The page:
We all know there are things we will never be able to do. Of course, that does not mean we shouldn't try. A few months ago, for example, I started attending a bizarre and exhausting exercise class. It largely feels as though someone has tried to build a list of physical manoeuvres of which I am incapable and then added some very loud music.
We do jumps, turns, press-ups, so-called "power moves" and exercises to test a thing called "core strength" that some people (not me) are blessed with - all interrupted every 30 seconds by the blast of a siren.
And whenever I think things cannot get any further from my comfort zone, our lovely but terrifying instructor presents a strange new move and shouts at us to "find our inner Beyonc". And yet, even as every fibre of my being cries out for me to run - or hobble - out of the gym, I don't.
The reason I put myself through this is that I know that by pushing myself further than I think I can go, I will gradually improve. For an exercise regime, that is good enough. I know I'll never be as good as some, but that's fine - I don't need to become an expert. For me, taking part is all that matters.
But education should be different. It should be about pushing to get far beyond what we think we can do. There should be no limit to our possible achievements, or on the qualifications or grades we can achieve.
And yet universities - especially the institutions seen as the most selective - seem to be out of bounds for many young people in Scotland. It is not that they make an informed decision, based on their talents and strengths, to follow an alternative route into the workplace; it's that the university option never enters their minds.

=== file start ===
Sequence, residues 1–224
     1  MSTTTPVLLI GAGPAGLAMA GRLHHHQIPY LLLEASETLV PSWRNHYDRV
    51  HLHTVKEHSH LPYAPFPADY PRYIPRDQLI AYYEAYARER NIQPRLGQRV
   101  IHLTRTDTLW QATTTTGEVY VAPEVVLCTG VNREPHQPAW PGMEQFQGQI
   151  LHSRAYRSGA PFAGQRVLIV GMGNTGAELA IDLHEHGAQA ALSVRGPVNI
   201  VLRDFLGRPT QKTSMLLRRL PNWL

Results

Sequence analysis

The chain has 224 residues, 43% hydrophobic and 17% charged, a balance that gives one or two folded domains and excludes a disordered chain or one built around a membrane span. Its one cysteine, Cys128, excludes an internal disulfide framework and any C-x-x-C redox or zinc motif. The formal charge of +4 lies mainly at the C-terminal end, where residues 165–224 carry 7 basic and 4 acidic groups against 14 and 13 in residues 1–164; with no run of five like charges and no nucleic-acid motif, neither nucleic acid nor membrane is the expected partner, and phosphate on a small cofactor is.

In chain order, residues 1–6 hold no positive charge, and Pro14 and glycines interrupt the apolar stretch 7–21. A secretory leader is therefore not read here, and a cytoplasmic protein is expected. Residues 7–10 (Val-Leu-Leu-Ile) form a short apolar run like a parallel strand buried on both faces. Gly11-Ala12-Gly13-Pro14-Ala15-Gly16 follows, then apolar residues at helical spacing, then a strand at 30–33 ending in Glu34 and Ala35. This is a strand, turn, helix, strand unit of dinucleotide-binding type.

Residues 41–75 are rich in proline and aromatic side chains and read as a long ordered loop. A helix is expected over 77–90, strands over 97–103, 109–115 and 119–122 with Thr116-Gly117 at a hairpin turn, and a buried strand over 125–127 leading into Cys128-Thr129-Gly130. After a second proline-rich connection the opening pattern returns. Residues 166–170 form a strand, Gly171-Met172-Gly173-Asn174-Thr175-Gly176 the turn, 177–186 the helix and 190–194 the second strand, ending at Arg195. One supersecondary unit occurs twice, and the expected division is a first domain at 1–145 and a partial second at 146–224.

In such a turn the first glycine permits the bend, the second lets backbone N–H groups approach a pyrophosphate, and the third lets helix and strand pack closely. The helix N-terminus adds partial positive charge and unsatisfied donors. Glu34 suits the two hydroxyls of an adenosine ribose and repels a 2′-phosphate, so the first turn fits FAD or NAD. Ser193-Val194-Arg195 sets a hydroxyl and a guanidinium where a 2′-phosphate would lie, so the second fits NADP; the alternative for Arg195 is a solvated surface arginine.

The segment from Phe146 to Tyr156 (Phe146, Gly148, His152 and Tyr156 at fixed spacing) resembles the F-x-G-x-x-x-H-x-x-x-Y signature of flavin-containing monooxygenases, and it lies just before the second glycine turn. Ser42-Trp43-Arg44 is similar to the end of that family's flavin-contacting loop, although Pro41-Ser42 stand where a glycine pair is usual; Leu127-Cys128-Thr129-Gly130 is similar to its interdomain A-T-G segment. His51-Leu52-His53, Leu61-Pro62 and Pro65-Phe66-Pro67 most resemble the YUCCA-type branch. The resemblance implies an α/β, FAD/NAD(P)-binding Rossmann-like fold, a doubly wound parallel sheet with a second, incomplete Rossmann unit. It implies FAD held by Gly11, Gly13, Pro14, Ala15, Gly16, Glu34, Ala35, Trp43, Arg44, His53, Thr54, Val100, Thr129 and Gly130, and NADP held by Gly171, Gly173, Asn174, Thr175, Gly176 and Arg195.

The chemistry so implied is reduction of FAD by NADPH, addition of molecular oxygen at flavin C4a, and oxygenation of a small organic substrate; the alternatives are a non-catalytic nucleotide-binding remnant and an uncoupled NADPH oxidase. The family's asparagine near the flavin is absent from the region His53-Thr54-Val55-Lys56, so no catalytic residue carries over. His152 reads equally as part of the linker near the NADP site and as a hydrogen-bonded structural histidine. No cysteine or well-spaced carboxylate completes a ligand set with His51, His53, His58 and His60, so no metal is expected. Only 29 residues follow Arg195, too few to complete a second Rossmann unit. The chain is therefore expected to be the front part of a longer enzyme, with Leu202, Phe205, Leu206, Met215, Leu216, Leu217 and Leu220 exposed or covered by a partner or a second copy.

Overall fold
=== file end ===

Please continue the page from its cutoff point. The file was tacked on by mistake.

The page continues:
Universities and colleges, together with schools, are working to change that. Although a huge mountain remains to climb, access figures for young people from the most deprived backgrounds have improved in recent years and initiatives have slowly started to bear fruit.
Now, Scotland's new first minister Nicola Sturgeon has announced the government programme for the next year, complete with ambitious targets for widening access and plans to make it a national priority (see pages 8-10).
She believes at least one in five students at university should eventually be drawn from the poorest 20 per cent of Scottish society, and government funding will support that goal.
Universities and student associations told TESS this week that they would do what they could to get more young people from disadvantaged backgrounds into our university campuses and break the link between poverty and access. We can only hope they will succeed.
Not everyone has to, or should, go to university. Far from it. But whether or not to take the step into higher education should depend on personal ambition and disposition, never on family background or wealth.